Has part of the answer to The Frame Problem been found?

As is described in What is the Frame Problem?, the frame problem in cognitive science refers to the problem that cognitive agents necessarily solve each moment: pay attention to what is relevant in a given situation and ignore the rest. While of course we’re not always perfect at this task, not attending to valuable info while attending to irrelevant info, we’re pretty good at it. A group of cognitive scientists may have identified one of the components to the solution of the frame problem.

In a BBC article entitled Brain ‘irrelevance filter’ found, evidence is presented that the basal ganglia is critically involved in directing people’s attention away from irrelevant information. The study was conducted by Dr. Torkel Klingberg and colleague Fiona McNab, and is published in Nature Neuroscience.

It was found that people who are good at remembering things, even with distractions, have more activity in the basal ganglia. It is argued that this research could help explain why some people are better at remembering things than others, and could also aid in the understanding of attention deficit hyperactivity disorder (ADHD).

Here is a brief description of the study and its findings:

The volunteers were asked to perform a computer-based task that required them to respond to target visual images, with or without distractions.

A noise informed subjects when an upcoming visual display would contain irrelevant distracters along with the targets.

When this cue occurred, neural activity increased in the basal ganglia and the prefrontal cortex before the visual display appeared, suggesting the brain was preparing to “filter out” the upcoming distracters.

Also, greater activity in a specific part of the basal ganglia – the globus pallidus – correlated with less unnecessary storage in another part of the brain, the posterior parietal cortex, which is sensitive to the amount of information held in memory.

A question that interests me regarding this research is how extremely creative and insightful people would perform on this sort of task, and how would their basal ganglia function? Creative and insightful people are believed to engage in relatively enriched divergent thinking due to viewing situations more broadly, considering less obvious perspectives and interpretations. Their irrelevance filter may be slightly less rejecting than those of most other people. Another group that demonstrates a proposed underactivity of irrelevance filtering is a subset of psychotic patients. It is argued that one of the reasons why certain people may have paranoia and hallucinations is because they draw illusory connections by over-interpreting irrelevant information.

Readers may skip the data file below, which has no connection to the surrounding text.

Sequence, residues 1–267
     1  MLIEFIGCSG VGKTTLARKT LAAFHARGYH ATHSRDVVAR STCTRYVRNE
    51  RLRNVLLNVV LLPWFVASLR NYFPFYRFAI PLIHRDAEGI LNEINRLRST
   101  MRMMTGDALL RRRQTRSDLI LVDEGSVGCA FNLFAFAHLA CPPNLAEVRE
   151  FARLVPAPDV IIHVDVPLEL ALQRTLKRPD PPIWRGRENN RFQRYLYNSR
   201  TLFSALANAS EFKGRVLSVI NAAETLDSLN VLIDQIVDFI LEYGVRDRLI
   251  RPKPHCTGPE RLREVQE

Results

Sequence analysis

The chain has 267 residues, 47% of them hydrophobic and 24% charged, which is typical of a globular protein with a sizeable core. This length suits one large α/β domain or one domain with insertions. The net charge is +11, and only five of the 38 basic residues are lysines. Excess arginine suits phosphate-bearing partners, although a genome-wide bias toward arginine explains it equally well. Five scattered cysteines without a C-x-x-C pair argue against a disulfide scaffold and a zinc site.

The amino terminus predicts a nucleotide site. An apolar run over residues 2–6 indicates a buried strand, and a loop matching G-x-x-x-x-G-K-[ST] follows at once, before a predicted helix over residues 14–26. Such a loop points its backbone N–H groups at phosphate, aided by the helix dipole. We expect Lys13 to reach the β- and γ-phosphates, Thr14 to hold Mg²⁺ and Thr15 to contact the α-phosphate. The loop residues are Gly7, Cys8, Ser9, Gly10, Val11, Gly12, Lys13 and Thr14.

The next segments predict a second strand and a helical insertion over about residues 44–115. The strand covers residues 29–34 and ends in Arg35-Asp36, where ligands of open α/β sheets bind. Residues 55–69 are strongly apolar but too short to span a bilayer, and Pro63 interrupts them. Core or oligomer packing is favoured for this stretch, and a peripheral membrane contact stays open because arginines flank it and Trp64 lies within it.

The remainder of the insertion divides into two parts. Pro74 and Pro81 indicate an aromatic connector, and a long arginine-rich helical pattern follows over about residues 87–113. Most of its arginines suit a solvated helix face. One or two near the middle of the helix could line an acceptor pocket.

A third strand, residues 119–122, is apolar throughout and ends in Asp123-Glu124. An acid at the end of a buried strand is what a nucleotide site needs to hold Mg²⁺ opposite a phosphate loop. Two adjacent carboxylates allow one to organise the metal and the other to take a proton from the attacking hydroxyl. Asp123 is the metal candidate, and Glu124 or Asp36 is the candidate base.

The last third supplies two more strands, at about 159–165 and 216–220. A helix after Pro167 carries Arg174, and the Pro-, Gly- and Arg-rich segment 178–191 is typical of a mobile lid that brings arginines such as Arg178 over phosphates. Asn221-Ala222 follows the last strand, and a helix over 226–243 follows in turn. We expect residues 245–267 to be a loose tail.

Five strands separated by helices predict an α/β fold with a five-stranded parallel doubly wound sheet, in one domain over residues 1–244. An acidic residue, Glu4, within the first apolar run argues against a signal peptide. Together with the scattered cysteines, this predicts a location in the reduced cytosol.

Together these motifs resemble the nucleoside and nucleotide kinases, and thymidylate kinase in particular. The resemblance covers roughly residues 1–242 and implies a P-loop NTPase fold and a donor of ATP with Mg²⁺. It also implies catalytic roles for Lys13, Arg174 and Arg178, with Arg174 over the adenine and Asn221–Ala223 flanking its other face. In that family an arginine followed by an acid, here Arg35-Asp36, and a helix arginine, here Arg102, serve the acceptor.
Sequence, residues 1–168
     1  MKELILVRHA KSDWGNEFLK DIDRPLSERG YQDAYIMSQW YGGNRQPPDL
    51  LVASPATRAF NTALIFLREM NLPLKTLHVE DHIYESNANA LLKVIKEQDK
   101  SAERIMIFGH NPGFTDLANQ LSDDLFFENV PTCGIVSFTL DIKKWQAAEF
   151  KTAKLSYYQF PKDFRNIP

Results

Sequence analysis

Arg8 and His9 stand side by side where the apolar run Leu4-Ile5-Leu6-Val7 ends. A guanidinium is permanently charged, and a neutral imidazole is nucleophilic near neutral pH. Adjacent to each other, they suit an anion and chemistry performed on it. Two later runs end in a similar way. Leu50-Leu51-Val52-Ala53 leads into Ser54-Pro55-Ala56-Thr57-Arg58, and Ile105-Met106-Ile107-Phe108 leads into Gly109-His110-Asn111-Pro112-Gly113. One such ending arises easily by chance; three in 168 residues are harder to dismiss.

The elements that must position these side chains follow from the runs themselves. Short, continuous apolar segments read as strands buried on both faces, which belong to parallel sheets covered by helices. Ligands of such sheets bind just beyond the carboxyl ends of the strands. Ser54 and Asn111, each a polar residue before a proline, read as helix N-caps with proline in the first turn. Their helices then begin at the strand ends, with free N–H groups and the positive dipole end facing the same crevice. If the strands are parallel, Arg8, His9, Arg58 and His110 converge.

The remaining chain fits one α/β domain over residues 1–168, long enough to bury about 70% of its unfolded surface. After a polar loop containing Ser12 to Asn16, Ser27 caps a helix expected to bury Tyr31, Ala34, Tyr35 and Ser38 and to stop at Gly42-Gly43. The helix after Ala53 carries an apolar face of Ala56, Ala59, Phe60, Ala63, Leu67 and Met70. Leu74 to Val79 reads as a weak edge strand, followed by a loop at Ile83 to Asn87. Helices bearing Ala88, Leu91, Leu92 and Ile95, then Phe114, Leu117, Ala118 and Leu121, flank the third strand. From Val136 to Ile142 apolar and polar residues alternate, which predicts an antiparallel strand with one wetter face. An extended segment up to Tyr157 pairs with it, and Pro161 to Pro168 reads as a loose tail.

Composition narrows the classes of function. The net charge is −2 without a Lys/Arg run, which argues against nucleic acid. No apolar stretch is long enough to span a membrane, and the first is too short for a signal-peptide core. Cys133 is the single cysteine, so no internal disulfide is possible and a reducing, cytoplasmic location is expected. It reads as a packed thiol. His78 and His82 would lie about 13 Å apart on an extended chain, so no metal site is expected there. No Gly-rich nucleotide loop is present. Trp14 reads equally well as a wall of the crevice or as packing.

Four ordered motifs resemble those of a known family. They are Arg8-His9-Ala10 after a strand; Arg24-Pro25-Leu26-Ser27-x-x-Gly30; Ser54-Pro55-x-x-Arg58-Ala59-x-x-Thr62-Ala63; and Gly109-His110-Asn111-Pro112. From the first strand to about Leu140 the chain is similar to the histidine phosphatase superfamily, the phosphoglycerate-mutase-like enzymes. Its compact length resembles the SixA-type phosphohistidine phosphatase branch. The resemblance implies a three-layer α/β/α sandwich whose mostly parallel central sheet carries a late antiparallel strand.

Jordan Peterson of the University of Toronto argues that a key difference between these two groups is IQ. Highly creative people tend to demonstrate less latent inhibition (or, ignoring of irrelevant information) and higher IQs. Taking in more information means the cognitive system has more information to deal with. If one has a particularly efficient cognitive system, as evinced by a high IQ, then they may be able to make good use of the rich information base (e.g., through creative works of art, intellectual insights, etc.). But if one’s cognitive capacities are overwhelmed by the information received, psychotic delusions and paranoia may be a consequence.

Another question is why do some people have episodes of genius and psychosis in alternation? A relatively common psychological condition in creative geniuses is bipolar, or manic-depression. In some cases, e.g., John Nash, there is fullblown paranoid delusional schizophrenia. Perhaps his IQ was high enough to draw highly insightful connections but not high enough to distinguish genuine insight from delusion. Or perhaps irrelevance filtering and/or metacognitive awareness (i.e., attention and critical analysis of one’s own thinking) varies in a cyclical sense, so that sometimes one can be more vulnerable to delusion.

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